— MINERAL WELLS, Texas -- Clark Montgomery is making plans to travel to London where he'll participate in the Olympic games.
But arranging his travel itinerary is much more complicated than other athletes who must only worry that their shorts and shoes are packed.
Montgomery also has to find a way to get his 1,200-pound mount, Loughan Glen, across the Atlantic.
Shipping an Olympic-caliber horse overseas is not a simple task.
Montgomery said he wished it was as easy as wrapping his horse in bubble wrap and calling FedEx.
“At this point it's all coming down to soundness. Everybody crosses their fingers that they ship well to the UK,” he said, adding that some horses can succumb to shipping sickness among other potential problems.
Half of his wish is met -- he will use Fed Ex to get his horse across the pond.
The prized animals will be accompanied by a team of veterinarians and grooms.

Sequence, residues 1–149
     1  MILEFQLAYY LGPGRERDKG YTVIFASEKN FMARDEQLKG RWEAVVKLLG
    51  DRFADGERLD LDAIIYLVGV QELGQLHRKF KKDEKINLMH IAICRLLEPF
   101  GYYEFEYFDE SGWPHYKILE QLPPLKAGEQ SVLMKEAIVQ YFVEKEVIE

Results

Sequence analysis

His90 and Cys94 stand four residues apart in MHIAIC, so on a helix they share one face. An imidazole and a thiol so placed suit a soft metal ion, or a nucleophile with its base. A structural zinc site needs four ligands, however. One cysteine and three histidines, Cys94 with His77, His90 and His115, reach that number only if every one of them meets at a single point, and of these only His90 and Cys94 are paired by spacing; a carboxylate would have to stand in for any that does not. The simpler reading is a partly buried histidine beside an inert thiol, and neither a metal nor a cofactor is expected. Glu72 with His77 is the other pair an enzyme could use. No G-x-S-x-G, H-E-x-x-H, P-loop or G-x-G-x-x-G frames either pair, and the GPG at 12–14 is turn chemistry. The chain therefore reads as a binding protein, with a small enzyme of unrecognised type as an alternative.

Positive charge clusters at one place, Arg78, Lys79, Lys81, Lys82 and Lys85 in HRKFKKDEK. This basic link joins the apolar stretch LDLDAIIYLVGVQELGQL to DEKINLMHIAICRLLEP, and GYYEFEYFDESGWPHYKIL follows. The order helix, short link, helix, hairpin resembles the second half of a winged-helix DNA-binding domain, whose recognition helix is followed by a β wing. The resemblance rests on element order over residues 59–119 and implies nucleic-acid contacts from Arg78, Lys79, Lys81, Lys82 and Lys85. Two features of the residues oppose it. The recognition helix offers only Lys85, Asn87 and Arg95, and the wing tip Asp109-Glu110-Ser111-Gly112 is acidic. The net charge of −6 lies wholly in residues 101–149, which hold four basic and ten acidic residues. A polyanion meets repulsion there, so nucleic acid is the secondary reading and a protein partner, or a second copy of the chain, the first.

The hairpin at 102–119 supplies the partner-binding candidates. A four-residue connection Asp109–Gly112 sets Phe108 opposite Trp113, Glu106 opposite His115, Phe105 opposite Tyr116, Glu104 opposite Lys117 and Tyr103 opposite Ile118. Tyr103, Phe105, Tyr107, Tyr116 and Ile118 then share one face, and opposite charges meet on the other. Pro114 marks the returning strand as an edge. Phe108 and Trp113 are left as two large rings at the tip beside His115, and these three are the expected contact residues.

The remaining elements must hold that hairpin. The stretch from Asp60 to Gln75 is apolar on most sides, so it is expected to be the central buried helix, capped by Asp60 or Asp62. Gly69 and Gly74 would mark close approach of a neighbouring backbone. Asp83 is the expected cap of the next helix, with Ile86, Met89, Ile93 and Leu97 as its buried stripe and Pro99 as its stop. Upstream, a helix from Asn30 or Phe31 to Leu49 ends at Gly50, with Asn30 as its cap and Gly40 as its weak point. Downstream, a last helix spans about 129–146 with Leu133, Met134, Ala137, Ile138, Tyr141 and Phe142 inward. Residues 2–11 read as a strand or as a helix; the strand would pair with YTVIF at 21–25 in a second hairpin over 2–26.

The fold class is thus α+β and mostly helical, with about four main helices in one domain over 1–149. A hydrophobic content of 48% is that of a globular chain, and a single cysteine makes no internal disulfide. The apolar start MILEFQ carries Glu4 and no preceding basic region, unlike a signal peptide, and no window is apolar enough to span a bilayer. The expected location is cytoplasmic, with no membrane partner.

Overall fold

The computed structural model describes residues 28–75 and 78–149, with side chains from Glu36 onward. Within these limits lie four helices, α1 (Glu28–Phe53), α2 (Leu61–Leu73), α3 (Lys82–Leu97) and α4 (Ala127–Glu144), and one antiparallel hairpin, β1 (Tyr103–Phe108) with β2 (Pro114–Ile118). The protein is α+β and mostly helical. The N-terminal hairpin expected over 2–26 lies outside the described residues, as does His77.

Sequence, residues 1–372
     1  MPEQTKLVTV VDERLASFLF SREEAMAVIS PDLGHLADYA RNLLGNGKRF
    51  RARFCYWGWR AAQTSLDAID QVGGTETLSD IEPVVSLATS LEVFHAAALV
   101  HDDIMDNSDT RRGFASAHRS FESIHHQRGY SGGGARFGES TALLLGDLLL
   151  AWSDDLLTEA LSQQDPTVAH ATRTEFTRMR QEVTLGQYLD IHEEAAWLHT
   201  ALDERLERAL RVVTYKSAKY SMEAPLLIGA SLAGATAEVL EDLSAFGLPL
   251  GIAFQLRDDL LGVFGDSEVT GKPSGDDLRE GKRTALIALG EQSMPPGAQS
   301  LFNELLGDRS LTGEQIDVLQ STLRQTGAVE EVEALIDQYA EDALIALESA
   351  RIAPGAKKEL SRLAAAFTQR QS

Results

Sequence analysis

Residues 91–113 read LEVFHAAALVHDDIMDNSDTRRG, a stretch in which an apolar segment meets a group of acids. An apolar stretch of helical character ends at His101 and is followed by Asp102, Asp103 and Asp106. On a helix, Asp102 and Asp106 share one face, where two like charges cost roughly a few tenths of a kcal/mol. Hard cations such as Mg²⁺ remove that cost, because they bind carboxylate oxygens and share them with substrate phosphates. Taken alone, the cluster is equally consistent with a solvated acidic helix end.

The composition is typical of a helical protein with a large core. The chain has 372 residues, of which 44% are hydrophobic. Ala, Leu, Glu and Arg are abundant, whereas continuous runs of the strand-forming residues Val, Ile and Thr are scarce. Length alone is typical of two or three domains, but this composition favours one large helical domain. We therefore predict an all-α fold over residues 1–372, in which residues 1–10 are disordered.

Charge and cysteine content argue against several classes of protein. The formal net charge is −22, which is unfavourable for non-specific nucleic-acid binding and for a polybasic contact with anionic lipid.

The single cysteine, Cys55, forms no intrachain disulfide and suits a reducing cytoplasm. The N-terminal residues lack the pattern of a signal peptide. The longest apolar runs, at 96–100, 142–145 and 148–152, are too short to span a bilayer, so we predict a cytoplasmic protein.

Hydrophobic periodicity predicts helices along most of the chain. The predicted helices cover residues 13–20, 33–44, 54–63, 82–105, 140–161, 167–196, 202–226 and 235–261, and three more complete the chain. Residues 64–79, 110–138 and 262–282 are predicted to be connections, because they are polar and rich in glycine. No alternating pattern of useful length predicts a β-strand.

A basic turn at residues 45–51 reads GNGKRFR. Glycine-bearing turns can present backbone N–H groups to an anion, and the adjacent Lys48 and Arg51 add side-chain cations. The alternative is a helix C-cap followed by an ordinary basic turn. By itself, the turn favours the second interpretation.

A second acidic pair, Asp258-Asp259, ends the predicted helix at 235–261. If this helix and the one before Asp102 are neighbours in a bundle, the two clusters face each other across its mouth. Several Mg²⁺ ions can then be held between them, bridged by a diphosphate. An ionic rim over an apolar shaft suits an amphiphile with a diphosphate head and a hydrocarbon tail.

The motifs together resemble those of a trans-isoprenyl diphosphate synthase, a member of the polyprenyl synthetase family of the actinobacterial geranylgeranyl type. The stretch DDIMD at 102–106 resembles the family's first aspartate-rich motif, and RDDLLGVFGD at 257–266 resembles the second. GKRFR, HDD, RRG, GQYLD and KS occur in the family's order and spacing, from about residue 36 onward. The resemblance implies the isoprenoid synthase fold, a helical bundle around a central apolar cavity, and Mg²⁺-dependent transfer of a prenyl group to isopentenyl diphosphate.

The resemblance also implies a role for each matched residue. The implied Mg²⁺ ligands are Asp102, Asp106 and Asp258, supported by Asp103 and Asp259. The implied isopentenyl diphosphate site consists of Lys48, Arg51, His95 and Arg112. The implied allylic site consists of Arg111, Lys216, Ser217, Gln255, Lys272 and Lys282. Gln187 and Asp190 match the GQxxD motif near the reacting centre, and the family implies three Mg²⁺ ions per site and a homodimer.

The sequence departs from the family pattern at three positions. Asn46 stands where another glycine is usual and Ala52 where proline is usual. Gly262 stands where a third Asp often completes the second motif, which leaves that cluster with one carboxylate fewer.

Except for a steep, quick takeoff and sudden landing, Montgomery said the experience for the horses isn't much different from riding in a trailer.
The horses are shipped in what amounts to extra-wide stalls, he said.
The equestrian teams get about 10 days in England to adjust to their new surroundings before the preliminary competition begins.
Competition at Barbury International Horse Trials will determine the five final horse-and-rider combinations to represent the U.S. eventing team.
Those that don't make the final five, remain and step must be ready to step in if another horse can't compete.
The sport of eventing has three phases – dressage, cross country and show jumping.
Montgomery said he thinks his horse, Loughan Glen, is ready to compete.
“We got our stuff back together,” he said.
Details for this story were provided by Linda Cluett, a reporter for the Mineral Wells (Texas) Index. Contact her at email@example.com